AUSTIN ARGOS. The Austin Argos was founded in 1962 by a group of black Austin business and professional people. The chairman of the board of the corporation that owned the Argos was Everett Givens, an Austin physician. The corporation disbanded, and Mason Smith, a newspaper publisher from Detroit, bought out the other investors and became the sole proprietor. In 1971 Arthur Sims and his wife began helping Smith with the paper, and later that year Smith talked Sims into taking over as publisher. Sims and his wife published and edited the Argos until Mrs. Sims died in 1985. A year later Sims sold the paper to Charles Miles. The Austin Argos began as a tabloid-size weekly community newspaper. In 1978 Sims began publishing it as a broadsheet. It printed stories of general interest to the black community in Austin and Central Texas, featuring society news, church affairs, sports reports, political issues, and editorial comment. Through the 1970s the Argos carried facts and opinion on such subjects as the activities of the Ku Klux Klan, local black preachers, high prices for food in black neighborhoods, and the education of black students. At its peak the Argos published 5,600 copies of the newspaper that were distributed directly to subscribers through the mail and through local stores. The Argos eventually became the longest continuously published newspaper of its type produced by blacks in Texas.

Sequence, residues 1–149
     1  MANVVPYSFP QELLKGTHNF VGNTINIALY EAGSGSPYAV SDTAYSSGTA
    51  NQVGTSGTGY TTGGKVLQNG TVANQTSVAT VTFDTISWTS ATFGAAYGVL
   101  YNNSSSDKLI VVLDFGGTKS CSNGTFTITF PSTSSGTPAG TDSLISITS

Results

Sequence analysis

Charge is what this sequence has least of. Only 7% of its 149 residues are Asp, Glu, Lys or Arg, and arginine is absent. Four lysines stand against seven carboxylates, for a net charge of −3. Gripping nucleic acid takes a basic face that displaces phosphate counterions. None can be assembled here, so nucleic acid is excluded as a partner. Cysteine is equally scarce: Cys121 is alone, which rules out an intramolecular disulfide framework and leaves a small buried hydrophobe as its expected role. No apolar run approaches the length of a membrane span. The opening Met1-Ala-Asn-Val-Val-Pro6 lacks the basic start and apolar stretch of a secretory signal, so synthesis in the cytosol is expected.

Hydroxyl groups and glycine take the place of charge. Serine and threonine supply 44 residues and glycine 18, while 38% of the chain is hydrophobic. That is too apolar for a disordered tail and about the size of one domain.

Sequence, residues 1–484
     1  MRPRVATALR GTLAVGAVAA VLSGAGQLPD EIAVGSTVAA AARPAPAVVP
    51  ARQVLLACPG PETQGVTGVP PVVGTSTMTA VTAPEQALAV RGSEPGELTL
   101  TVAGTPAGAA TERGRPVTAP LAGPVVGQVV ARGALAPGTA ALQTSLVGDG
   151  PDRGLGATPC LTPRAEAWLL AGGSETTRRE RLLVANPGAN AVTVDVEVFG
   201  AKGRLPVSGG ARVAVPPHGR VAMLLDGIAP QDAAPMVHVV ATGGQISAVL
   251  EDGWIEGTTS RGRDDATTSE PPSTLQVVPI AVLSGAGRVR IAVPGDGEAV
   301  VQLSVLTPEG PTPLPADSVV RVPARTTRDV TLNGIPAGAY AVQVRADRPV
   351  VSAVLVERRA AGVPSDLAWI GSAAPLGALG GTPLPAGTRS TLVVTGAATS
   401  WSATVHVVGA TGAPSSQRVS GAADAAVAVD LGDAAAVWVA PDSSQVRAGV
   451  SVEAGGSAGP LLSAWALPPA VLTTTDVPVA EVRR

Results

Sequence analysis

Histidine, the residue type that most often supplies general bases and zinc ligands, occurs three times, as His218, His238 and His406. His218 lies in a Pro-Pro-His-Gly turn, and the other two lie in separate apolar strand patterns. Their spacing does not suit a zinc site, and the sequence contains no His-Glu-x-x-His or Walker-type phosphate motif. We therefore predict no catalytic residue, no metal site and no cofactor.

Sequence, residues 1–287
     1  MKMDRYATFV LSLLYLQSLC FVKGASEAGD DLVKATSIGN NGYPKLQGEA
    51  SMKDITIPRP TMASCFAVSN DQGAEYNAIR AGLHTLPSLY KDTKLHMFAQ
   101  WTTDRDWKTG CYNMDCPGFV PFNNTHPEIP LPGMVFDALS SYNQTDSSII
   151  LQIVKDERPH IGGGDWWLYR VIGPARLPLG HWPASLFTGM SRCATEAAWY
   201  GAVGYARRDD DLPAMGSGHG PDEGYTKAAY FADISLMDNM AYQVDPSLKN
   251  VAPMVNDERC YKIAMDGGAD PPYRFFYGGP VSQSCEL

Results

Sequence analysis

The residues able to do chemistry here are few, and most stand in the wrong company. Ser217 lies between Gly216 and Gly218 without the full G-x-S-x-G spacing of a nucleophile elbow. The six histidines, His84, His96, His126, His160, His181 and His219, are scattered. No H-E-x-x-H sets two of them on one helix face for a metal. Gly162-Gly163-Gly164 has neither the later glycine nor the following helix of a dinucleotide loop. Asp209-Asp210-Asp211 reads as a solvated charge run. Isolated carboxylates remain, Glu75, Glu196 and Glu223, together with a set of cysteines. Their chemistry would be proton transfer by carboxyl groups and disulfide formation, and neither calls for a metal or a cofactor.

The following, adapted from the Chicago Manual of Style, 15th edition, is the preferred citation for this article.William E. Montgomery, "AUSTIN ARGOS," Handbook of Texas Online (http://www.tshaonline.org/handbook/online/articles/eea15), accessed May 19, 2013. Published by the Texas State Historical Association.